Gerry’s homework 

It used to feel strange, I remember, going back to school inSeptember after six weeks’ absence and heading for a different classroom.  But what feels a lot stranger, I can tell you,  is turning up at school after exactly 67 years’ absence, parking your car and heading for what you hope is still the boys’ entrance.  I left Urmston Grammar School in 1950. But in 2017 I popped in  again – theHeadteacher, Mrs Riffat Wall, had learned of my continuing  interest in the place and agreed to show me round . . .

The boys’ entrance of long ago now says ‘Deliveries’ over the doorway.  And it’s tightly shut. I can’t just rush in as I used to do after racing along from the station, satchel swinging round my neck, at the end of my daily trip from Irlam.  I press a button on a metal box and an anonymous lady tells me she’ll come and let me in.

The voice turns out to belong to Jo Daley, herself a former pupil. She is now the school’s finance director (married to another ex-pupil) and she’s my guide today. Off we go . . . and within a couple of seconds I feel I’m on familiar ground, right next to the boys’ cloakroom and a few yards from my old classroom.  Nearly 70 years have wafted by and I imagine I could nip down this short corridor and have a look at Mr Eve’s woodwork room . . . except that it’s not there anymore.  It’s been divided up into various smaller rooms. But I can still smell the glue that used to warm up in messy little pots. (Good old Ted Eve. I still think of him when I occasionally do a woodwork job, and I even remember his words on sharpening a pencil properly.)

This is a bizarre experience, vaguely unreal. The place where I spent five happy years was a simple E-shaped building – boys at one end, girls at the other and, in the middle, the spacious and imposing hall where we met for morning assembly. But time has added a collection of impressive extras – science rooms, music rooms, a language laboratory, a theatre, an imaginative octagonal performance area with a lighthouse feel about it,  a stylish conference room, a huge sports hall, relaxing garden areas with   trees, shrubs and pathways, a large pond teeming with life . . .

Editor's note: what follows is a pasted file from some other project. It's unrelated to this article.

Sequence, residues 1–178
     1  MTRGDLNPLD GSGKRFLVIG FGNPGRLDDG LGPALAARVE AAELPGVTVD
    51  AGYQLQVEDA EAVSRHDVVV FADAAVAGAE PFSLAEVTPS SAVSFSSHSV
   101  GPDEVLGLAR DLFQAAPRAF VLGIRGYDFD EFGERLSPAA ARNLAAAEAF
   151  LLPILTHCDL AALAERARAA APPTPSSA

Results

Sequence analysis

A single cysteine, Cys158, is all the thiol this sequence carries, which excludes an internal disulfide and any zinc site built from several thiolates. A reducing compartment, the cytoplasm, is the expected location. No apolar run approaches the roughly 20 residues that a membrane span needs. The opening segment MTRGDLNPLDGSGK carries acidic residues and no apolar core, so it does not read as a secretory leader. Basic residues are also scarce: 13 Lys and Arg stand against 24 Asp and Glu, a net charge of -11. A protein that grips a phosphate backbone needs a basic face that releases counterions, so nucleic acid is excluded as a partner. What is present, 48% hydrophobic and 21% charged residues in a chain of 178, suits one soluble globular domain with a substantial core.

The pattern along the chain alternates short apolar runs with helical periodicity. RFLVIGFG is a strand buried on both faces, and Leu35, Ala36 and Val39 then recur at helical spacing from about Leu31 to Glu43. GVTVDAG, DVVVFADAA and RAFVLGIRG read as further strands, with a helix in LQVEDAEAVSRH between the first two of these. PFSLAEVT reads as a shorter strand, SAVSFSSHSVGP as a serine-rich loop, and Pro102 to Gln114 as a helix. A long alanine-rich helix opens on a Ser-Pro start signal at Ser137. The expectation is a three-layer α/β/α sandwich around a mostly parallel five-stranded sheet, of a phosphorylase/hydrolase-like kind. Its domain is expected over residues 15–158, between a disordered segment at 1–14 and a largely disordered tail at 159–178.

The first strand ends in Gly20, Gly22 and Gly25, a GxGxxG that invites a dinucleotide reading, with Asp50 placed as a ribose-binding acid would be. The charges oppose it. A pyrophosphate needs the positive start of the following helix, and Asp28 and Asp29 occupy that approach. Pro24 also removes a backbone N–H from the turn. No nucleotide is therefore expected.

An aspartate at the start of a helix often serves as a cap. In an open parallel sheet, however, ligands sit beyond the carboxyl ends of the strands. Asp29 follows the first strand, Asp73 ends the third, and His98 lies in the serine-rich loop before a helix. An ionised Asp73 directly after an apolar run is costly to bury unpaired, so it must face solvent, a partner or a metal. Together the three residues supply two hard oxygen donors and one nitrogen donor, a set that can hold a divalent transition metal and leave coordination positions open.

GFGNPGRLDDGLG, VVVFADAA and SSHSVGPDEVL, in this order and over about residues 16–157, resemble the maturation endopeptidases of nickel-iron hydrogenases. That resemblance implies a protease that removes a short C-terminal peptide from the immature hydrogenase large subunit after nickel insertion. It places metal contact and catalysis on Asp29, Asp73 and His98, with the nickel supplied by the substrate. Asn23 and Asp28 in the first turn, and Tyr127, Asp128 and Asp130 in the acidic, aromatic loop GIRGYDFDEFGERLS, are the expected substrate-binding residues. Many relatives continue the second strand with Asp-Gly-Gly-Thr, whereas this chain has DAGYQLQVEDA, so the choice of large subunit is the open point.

In the hall nothing seems to have changed. Those lovely white light-fittings are the originals.  Jo and I go up on to the stage and, not for the first time, I admire the beautiful curve of the ceiling, the balcony and the shafts of sunshine through the tall windows that frame the ‘Manners Makyth Man’ motto in coloured glass.  (Two or three of us formed a band and we played on this very stage for a sixth-form leavers’ party in 1950. Jo can’t hear the music, but I can.)

 Down from the stage and into the gym. More memories. ‘I was good at climbing those ropes,’ I tell Jo. She’s a captive audience, so I also tell her all about the day that our P.E. teacher, Mr Coupe, brought a footballer in.  We boys squatted at the foot of the wallbars and watched a skilful demonstration of ball control from a young fella called Matt Busby. We were also introduced to boxing and, lacking any vicious instincts myself, I was bashed on the jaw a few times by a classmate with no such reservations.  Jo smiles. ‘I don’t think they do that here now,’ she says.

It’s the instant shifting between yesterday and today that’s fascinating. One minute I’m on old-familiar ground (‘We used to play shove ha’penny on these wide windowsills when it was too wet to go out into the playground,’ I tell Jo) – and then I go through a door and find myself in high-tec new-millennium territory.

We enter a bright and stylish conference room with gigantic sloping windows. And there, smiling warmly as she comes to greet me, is theHeadteacher, Mrs.Wall, who’s been in charge here for nearly five years and was a long way from even being born when I last trod these corridors.  (Note that she’s theHeadteacher, not the Headmistress. In my day, the headmaster was Mr Baker. We called him ‘the Beak’ and were considerably in awe of him. The affable Mrs Wall is quite happy to be addressed as Riffat. I don’t feel awed at all. Perhaps it’s because I’m 83.)

 Riffat concludes a meeting with another member of staff and announces that we’ll go for lunch together.  Suddenly I’m a schoolboy again – the doors are the selfsame doors, and the narrow ledge that runs the length of the corridor walls is still there. I must have run my fingers along it a thousand times.  The dining room is still where it used to be, but the girls’ cloakroom has disappeared, I notice. (The boys’ lunch queue used to pass the girls’ cloakroom, and stealthy glances and signals were exchanged as we shuffled forward.)

 Time has done little to the dining room, but smart glass self-service counters have been added and I select an orange drink and a chicken-and-mayo roll. The lady at the cash-desk (nothing like that in my day) registers my items but I’m wearing a ‘visitor’ pass round my neck so I’m waved past. (Memories are buzzing again . . . there used to be mashed potato in abundance, but roast potatoes were strictly one per pupil. It was possible to snatch another if you were quick.  One trick was to drop the spare one into someone else’s jacket pocket and then bump clumsily against them and turn it into pulp. I never did that. Honestly.)